Here’s What You Missed: Bros Before Hos Screening & Social Media Party
Twenty-two minutes and a trip to the ATM later I parked and was headed into the sumptuous confines of St. Felix in Hollywood, Canon in hand. I wasn’t sure what I expected (I never go out but this was something I couldn’t miss), I just know I certainly wasn’t expecting this—especially not this early in the evening.
The rear of the restaurant-lounge was filled, nearly wall-to-wall, with good-looking Black people – and others. It wasn’t quite 8:30 and the place was packed. Before I took the few steps down into The Powder Room, the rear lounge, I was able to see the adjacent patio that looked a bit less crowded. At the very least it was open and outdoors and my 5’ 1 ¾” frame wouldn’t get lost.
As I made my journey to freedom I ran into Benjamin Cory Jones, writer and creator of the Bros Before Hos pilot presentation that had all of these cool kids assembled in one room. He greeted me with the same earnestness and excitement I’ve grown to expect from The Resurgence and told me to let him know if I needed anything during the event.
It was a screening and social media party, where you’re encouraged to take as many selfies, usies, and snapshots as possible and post, tweet and do it for the ‘gram all night long in an effort to spread the word—and make everyone not in attendance jealous. Check the hashtags. The comments (and messages from fellow staff members of The ViP) say it worked like a charm.
Bros Before Hos is a television pilot presentation for a semi-autobiographical comedy about three brothers, two straight, one gay, each dealing with modern-day issues in Los Angeles while trying to find love, but screwing shit up along the way. The presentation stars Dijon Talton, Kevin Phillips, Americo “Tuffy” Questall, Dana Sorman, Nia Jervier and Kristopher Gordon and was directed and executive produced by Anthony Hemingway.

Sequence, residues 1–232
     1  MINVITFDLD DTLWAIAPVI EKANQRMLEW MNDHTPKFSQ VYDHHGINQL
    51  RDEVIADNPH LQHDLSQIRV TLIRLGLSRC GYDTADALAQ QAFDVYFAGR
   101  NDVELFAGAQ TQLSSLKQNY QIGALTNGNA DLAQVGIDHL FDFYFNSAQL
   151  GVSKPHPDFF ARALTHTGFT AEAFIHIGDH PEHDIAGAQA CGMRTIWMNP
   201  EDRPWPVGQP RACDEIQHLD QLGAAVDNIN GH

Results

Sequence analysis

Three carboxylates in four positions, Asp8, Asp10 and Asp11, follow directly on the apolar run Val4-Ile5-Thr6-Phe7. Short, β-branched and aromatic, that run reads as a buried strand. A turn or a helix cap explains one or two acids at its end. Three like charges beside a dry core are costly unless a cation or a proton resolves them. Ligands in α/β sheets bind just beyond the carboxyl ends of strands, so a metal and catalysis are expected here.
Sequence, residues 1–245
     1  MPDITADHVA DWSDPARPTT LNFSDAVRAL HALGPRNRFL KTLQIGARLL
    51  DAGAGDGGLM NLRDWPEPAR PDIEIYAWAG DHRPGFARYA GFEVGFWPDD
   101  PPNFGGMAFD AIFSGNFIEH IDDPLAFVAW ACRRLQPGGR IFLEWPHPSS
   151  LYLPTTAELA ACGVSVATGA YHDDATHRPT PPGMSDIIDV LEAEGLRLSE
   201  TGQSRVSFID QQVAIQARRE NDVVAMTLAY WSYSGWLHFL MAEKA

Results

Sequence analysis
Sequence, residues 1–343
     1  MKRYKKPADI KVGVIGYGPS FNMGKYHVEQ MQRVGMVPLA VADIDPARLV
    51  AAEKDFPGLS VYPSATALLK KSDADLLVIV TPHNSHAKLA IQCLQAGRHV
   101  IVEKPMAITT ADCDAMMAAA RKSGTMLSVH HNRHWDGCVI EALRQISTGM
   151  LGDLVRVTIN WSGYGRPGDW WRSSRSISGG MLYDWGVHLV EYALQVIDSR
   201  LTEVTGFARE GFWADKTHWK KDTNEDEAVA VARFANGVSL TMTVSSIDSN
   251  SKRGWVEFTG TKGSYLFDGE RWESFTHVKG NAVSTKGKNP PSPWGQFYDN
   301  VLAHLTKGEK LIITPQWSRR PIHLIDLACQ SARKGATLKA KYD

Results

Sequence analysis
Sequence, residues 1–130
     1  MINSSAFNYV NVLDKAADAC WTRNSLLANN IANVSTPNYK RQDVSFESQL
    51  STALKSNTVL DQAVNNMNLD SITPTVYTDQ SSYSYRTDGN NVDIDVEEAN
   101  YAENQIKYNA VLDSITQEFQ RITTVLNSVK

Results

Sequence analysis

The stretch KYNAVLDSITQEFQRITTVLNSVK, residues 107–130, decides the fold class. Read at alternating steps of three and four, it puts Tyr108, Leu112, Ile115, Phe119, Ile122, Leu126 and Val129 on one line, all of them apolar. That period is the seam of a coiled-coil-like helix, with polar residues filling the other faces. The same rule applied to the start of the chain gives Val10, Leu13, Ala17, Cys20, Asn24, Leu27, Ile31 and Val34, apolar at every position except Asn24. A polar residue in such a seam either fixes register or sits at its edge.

The usual mingling occurred up until about 9:00pm when the screening took place on two screens. Standing in the middle of the two, just behind actors, Ashley Blaine Featherson and Nia Jervier, who stars in the pilot presentation, I glanced back and forth between each screen depending on which guest’s awesomely large natural hair was blocking my view.
I took special note of the calm with which Jervier viewed her own performance. Many actors have this thing where they find it hard to watch themselves on screen, often cringing until it’s over. Only later, during a 3am Twitter session, would I discover she’s no different in that department and the calm exterior was in part thanks to the whispers of support from Featherson. I’m sure the loud cheers that came from different parts of the room when she first appeared on screen and the applause that came after helped a bit as well.
Throughout most of the screening the audience was quiet, tuned-in as though it was their first time viewing it. The full pilot presentation had been released early that morning so I can’t say for sure who’d seen it and who hadn’t but everyone was playing close attention. There are receipts to prove it:
Photo courtesy of @bdotlaw on Instagram
The other round of applause and sporadic cheers came at the opening and closing of Americo “Tuffy” Questal’s and Dana Sorman’s scene, easily the funniest scene of the pilot presentation.
After the screening Jones took the mic, made a few introductions and gave a lot of thank yous before passing it off to the pilot presentation’s producer, Lena Waithe who did much of the same with extra emphasis on the significance of what we’d just watched and the importance of the audience. Both encouraged, empowered, and implored everyone present to take matters into their own hands and demand “better Black TV” by being as vocal—literally and figuratively—as possible about their desire to see Bros Before Hos on network television. Shortly after, folks started to disperse about the venue a bit, creating extra breathing room for the more than 250 guests in attendance.
The party wasn’t over—not by a long shot. The promotional flyer for the event stated it would be “musically illustrated by DJ B-Hen” and that is about as apt a description as they could have given. As a music artist I’ve been around a lot of DJs for many years now and not only am I impressed by very few, I’m disappointed by most, often times opting to tune out the predictable digitally crafted playlist in favor of ambient noise or the thoughts in my head. DJ B-Hen impressed me. For that he deserves a special shoutout for being a highlight of the evening.